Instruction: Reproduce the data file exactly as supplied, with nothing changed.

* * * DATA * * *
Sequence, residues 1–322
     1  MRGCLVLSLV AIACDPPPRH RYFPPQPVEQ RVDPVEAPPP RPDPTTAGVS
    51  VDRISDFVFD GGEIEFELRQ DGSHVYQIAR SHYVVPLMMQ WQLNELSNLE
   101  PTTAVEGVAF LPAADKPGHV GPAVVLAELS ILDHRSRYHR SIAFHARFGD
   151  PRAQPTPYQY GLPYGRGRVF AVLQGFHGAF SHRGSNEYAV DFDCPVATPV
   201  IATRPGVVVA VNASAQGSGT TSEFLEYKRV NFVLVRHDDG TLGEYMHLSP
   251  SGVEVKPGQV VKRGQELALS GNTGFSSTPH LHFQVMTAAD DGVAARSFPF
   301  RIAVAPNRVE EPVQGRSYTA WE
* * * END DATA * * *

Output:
Sequence, residues 1–322
     1  MRGCLVLSLV AIACDPPPRH RYFPPQPVEQ RVDPVEAPPP RPDPTTAGVS
    51  VDRISDFVFD GGEIEFELRQ DGSHVYQIAR SHYVVPLMMQ WQLNELSNLE
   101  PTTAVEGVAF LPAADKPGHV GPAVVLAELS ILDHRSRYHR SIAFHARFGD
   151  PRAQPTPYQY GLPYGRGRVF AVLQGFHGAF SHRGSNEYAV DFDCPVATPV
   201  IATRPGVVVA VNASAQGSGT TSEFLEYKRV NFVLVRHDDG TLGEYMHLSP
   251  SGVEVKPGQV VKRGQELALS GNTGFSSTPH LHFQVMTAAD DGVAARSFPF
   301  RIAVAPNRVE EPVQGRSYTA WE